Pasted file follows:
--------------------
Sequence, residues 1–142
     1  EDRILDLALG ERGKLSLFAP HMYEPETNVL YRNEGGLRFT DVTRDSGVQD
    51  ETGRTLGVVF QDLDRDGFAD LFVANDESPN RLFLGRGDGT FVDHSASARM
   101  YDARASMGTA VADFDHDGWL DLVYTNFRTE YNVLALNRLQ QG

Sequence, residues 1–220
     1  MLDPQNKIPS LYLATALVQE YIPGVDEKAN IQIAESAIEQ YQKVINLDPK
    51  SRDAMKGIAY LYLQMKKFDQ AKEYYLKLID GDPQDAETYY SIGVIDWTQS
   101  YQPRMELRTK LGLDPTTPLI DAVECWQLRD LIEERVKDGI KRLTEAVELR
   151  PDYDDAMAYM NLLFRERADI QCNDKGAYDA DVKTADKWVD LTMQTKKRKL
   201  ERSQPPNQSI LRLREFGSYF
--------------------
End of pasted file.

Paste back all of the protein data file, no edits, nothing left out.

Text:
Sequence, residues 1–142
     1  EDRILDLALG ERGKLSLFAP HMYEPETNVL YRNEGGLRFT DVTRDSGVQD
    51  ETGRTLGVVF QDLDRDGFAD LFVANDESPN RLFLGRGDGT FVDHSASARM
   101  YDARASMGTA VADFDHDGWL DLVYTNFRTE YNVLALNRLQ QG

Sequence, residues 1–220
     1  MLDPQNKIPS LYLATALVQE YIPGVDEKAN IQIAESAIEQ YQKVINLDPK
    51  SRDAMKGIAY LYLQMKKFDQ AKEYYLKLID GDPQDAETYY SIGVIDWTQS
   101  YQPRMELRTK LGLDPTTPLI DAVECWQLRD LIEERVKDGI KRLTEAVELR
   151  PDYDDAMAYM NLLFRERADI QCNDKGAYDA DVKTADKWVD LTMQTKKRKL
   201  ERSQPPNQSI LRLREFGSYF